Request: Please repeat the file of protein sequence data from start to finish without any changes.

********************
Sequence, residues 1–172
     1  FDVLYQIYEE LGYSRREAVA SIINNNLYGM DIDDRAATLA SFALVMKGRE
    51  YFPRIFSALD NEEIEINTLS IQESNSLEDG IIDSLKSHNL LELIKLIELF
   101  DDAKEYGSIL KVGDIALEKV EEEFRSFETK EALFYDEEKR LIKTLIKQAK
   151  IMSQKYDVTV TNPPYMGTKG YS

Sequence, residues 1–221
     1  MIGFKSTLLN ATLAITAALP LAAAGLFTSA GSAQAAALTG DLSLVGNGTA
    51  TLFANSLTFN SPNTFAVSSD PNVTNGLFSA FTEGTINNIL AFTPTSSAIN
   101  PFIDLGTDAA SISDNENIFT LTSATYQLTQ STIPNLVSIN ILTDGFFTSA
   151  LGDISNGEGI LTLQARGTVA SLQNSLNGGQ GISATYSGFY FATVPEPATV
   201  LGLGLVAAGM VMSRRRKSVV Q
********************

Sequence, residues 1–172
     1  FDVLYQIYEE LGYSRREAVA SIINNNLYGM DIDDRAATLA SFALVMKGRE
    51  YFPRIFSALD NEEIEINTLS IQESNSLEDG IIDSLKSHNL LELIKLIELF
   101  DDAKEYGSIL KVGDIALEKV EEEFRSFETK EALFYDEEKR LIKTLIKQAK
   151  IMSQKYDVTV TNPPYMGTKG YS

Sequence, residues 1–221
     1  MIGFKSTLLN ATLAITAALP LAAAGLFTSA GSAQAAALTG DLSLVGNGTA
    51  TLFANSLTFN SPNTFAVSSD PNVTNGLFSA FTEGTINNIL AFTPTSSAIN
   101  PFIDLGTDAA SISDNENIFT LTSATYQLTQ STIPNLVSIN ILTDGFFTSA
   151  LGDISNGEGI LTLQARGTVA SLQNSLNGGQ GISATYSGFY FATVPEPATV
   201  LGLGLVAAGM VMSRRRKSVV Q